Can Compulsive Gamblers Be Treated?


One of the common forms of entertainment and relaxation at the present time is gambling. Due to the increasing number of people who are attracted to gambling activities, many casinos were developed in the different parts of the world. The addiction of many people to gambling events led other individuals to perceive gambling in a negative manner.

If people will just assess how gambling works, they will begin to realize that just like any other form of entertainment, it yields positive and negative effects. When gamblers are capable of controlling themselves from betting the money allotted for important things such as their family budget, it is possible that they will not be addicted to gambling. However, if they failed to control the urge to place bets despite the knowledge of losing all their resources, they might be victims of the mental condition known as compulsive gambling.

The mental condition can cause other problems such as debt, marital conflict and family disruption, if it is not treated. Patients suffering from compulsive gambling disorder exhibit symptoms including, physical and psychological stress, mental depression, and suicidal tendencies.

Because some of the money allotted for the immediate needs of the families of compulsive gamblers, they tend to be involved in other illegal acts like theft, identity fraud and drug trafficking. There are also gambling addicts whose job performance is affected due to the anxiety caused by their need to produce the money needed by their families. It is possible that this scenario can cause them to be frequently anxious.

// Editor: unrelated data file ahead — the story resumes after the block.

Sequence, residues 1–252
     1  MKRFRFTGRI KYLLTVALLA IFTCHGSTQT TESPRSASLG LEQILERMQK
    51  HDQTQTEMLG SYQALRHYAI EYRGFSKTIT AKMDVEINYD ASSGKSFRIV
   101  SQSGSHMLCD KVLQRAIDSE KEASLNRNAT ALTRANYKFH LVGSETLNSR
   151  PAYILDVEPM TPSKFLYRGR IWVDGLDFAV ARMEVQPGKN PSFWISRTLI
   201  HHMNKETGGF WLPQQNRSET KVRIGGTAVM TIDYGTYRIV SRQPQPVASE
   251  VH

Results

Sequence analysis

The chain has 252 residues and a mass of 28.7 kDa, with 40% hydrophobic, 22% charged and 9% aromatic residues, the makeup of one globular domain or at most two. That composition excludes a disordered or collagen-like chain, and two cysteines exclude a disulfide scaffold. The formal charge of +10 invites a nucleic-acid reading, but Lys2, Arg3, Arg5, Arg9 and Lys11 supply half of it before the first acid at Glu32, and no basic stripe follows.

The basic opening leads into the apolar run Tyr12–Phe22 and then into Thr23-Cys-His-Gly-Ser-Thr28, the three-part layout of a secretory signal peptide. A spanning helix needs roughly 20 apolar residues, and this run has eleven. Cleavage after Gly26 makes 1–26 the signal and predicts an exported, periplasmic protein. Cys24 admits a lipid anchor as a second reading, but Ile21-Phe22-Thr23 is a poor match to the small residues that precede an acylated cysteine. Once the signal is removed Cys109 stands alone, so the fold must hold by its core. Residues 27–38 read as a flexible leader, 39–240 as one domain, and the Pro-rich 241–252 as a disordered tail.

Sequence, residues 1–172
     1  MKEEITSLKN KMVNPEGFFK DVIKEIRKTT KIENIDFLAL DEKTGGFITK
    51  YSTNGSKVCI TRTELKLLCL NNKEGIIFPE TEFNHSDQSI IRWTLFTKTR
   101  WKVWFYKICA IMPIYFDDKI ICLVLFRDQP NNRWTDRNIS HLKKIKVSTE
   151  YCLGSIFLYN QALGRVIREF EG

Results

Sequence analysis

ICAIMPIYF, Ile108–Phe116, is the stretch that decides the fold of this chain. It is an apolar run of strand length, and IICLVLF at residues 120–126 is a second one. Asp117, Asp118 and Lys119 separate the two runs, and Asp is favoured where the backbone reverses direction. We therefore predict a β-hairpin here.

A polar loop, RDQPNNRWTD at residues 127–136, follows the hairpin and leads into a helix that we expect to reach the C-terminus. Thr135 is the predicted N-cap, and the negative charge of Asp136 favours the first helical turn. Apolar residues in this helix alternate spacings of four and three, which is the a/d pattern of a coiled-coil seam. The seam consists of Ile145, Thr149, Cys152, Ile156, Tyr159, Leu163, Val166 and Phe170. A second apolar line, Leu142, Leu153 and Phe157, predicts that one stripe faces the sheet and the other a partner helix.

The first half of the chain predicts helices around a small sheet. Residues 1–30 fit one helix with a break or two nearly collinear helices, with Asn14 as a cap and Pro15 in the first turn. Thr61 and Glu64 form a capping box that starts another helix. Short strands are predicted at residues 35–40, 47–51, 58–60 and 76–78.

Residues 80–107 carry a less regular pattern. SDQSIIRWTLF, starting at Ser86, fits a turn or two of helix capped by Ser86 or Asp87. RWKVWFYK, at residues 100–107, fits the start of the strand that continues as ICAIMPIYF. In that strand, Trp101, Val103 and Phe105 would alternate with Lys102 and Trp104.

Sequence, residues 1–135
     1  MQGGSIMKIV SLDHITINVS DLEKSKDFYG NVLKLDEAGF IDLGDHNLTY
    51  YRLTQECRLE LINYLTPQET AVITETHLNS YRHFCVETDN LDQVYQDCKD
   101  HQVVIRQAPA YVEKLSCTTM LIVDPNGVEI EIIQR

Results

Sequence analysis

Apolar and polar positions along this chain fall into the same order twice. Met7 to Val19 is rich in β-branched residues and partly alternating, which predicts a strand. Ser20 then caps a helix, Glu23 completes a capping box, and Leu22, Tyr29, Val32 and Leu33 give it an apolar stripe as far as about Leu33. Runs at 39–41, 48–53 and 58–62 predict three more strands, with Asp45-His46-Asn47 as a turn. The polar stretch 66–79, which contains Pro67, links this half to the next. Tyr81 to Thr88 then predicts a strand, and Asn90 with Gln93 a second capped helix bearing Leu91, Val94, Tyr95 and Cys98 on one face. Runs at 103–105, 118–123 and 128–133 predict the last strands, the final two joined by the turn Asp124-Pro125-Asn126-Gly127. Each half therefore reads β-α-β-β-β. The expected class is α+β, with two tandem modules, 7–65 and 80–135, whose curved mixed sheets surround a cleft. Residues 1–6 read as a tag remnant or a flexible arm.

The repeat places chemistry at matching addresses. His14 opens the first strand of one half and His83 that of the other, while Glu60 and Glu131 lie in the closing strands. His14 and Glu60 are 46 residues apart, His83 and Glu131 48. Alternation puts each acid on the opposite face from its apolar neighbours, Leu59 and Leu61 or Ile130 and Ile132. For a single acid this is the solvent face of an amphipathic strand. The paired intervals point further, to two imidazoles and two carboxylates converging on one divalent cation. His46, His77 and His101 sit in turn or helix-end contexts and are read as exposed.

In this regard, it is important that gambling addicts or patients suffering from compulsive gambling undergo counseling sessions headed by advisers and social workers to inspire them to combat their frequent urge to participate in gambling activities. As a support to the counseling sessions, gambling addicts are also recommended to enroll in step-based programs offered by several social groups such as the Gamblers Anonymous.

If the counseling sessions and step-based programs are not enough to help the patients recover from the disorder, psychiatrists prescribe them with drugs that can reduce their urge to gambler. Some of the efficient drugs include the SSRI paroxetine and the nalmefene.

Psychiatrists and social analysts believe that the attitudes, perceptions and motives of gamblers for engaging in gambling activities matters to determine whether a person is at risk to compulsive gambling. It is important that gamblers have a strong self-control to be able to save themselves from other problems caused by compulsive gambling such as financial troubles and domestic problems.

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